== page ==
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Re: The Memaloose Hills and Social Media

Post by retired jerry » May 19th, 2019, 2:56 pm

"If excessive hikers is harming wildlife, who have already been chased out of the vast majority of their original habitat, or the environment, then I am pretty hardcore as saying too bad if you don't like the restrictions. Then you have to find some place else and just get used to it."

definitely

but sometimes that's just used as an argument to close off areas. In many cases if there are no humans its better for wildlife, but maybe not or maybe it's not significant. Certainly, wildlife benefit by having human constructed trails.

if you want to preserve wildlife, first identify wildlife to track, normally the big ones like bears, cougars, deer, coyotes, wolves,... They're usually the ones that suffer the worst. Include some others like amphibians and fish because we know they're having problems. And some plants. Then study them population wise. See if the size of population is decreasing. Make sure there's enough genetic diversity. Enough habitat.

Then, get to the impact of humans in the wilderness and determine if this is a significant factor.

Normally, the humans in the wilderness are confined to trails and occupy a tiny fraction of the area so don't have much impact. Until they start riding snow mobiles or motor bikes. But that has to be studied to determine if what makes sense is actually true.

What impacts animals more is converting wilderness to developments. Harvesting timber, although there are ways to do that to have less impact or even a positive impact. Pollution...

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Re: The Memaloose Hills and Social Media

Post by Aimless » May 19th, 2019, 7:27 pm

Normally, the humans in the wilderness are confined to trails and occupy a tiny fraction of the area so don't have much impact.

I agree with this in a broad way, but humans tend to congregate at lakes and sometime these are the primary water sources for animals after the snow melts. Our obvious and continued presence around a lake can disrupt access to water and that can be a problem for larger animals. Also, what humans would consider to be minimal levels of chemical pollution in lakes and streams can cause problems for non-humans, especially amphibians. But, other than access to lake water, humans tend to have impacts that are concentrated in trail corridors, leaving very large areas of designated wilderness undisturbed by human presence.

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Charley
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Re: The Memaloose Hills and Social Media

Post by Charley » May 19th, 2019, 9:52 pm

This is a terrific conversation!

1. Though I have enjoyed PortlandHikers on Facebook, this kind of experienced, knowledgeable, in-depth debating is really a Oregonhikers.org forum specialty, and I'm glad to see it flourish.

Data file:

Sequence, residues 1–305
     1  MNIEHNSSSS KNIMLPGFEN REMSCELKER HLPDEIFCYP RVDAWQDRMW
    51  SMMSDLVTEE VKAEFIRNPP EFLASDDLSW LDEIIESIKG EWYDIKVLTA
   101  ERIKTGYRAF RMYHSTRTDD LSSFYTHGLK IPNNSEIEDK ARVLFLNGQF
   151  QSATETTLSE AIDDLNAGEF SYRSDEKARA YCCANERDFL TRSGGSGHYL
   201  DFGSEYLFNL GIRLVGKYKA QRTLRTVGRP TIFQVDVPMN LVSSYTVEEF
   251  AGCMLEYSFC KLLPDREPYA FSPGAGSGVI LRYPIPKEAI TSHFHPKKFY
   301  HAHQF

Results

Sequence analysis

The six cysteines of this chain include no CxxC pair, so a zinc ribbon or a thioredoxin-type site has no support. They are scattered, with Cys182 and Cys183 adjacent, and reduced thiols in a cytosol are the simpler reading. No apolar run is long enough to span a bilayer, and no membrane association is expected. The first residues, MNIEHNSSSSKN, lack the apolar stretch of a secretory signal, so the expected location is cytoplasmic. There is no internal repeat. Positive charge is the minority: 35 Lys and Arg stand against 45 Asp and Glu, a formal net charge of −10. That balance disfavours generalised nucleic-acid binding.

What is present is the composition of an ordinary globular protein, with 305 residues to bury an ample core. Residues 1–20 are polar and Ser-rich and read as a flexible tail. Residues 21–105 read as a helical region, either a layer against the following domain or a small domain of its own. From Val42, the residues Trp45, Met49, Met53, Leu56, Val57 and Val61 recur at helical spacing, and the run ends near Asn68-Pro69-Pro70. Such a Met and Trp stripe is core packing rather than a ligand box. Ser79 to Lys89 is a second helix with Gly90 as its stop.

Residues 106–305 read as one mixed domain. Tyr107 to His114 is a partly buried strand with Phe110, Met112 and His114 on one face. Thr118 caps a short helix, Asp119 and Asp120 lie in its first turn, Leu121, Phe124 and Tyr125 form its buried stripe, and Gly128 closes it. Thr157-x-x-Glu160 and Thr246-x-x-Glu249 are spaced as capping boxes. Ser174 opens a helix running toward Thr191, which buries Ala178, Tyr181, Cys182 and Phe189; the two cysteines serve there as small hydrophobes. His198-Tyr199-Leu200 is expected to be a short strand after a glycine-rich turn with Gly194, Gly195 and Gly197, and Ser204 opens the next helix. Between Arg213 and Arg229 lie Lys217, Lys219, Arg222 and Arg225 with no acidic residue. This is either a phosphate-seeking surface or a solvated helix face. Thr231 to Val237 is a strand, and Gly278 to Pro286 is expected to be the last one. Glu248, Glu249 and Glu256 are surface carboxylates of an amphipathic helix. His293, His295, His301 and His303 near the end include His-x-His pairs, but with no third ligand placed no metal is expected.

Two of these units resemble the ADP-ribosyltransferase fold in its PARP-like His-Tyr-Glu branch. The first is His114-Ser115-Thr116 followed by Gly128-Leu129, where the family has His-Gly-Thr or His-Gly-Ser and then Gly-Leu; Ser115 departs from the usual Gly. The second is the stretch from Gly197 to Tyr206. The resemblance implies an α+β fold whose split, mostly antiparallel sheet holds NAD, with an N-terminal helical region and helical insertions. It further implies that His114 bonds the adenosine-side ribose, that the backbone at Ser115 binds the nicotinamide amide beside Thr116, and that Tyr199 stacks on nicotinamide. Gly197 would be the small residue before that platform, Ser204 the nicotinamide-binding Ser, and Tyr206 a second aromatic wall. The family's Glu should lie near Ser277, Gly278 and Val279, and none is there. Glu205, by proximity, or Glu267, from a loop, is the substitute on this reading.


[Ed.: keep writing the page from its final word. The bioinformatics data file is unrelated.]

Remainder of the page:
2. TLDR: the Park Service basically has this problem solved, and it annoys me to no end that the Forest Service can't use the same techniques.

I'm generally in favor of active management, as well as more access. In the absence of a critical environmental concern (such as the Larch Mountain Salamander), I believe that we should encourage access by citizens. However, the management component is important. In the case of Memaloose Hills, interpretive and LNT signage, trailside fencing and hardscaping, and even ranger patrolling might ameliorate the likelihood of flower trampling. These solutions are far short of excessive, meddlesome permit processes or area closures, and would look familiar if you've visited Paradise at Mt Rainier, or Rim Village at Crater Lake. In short, these are tried and true methods that the Park Service uses to manage crowds effectively.

For an experienced hiker, these solutions offer little barrier to enjoyment. I hiked in Zion Canyon National Park last month and had an absolute blast. It was crowded, and there were a few unfortunate boot paths, but they're taking great care of the park. I'm sure you can find examples of failure to contradict me, and that's fine if you're inclined. But can you find a better model of crowd control? Seattleites have been used to their backyard mountain being a tourist destination for decades (dear Aimless: great point about the distinction between hiker and tourist). We in the Portland area are just getting used to seeing our backyard mountain and Gorge experience the same discovery and impact, with the distinction between our two cases being that our most beloved local destinations are USDA forest farms with small wilderness areas dotted around, not well-managed Parks.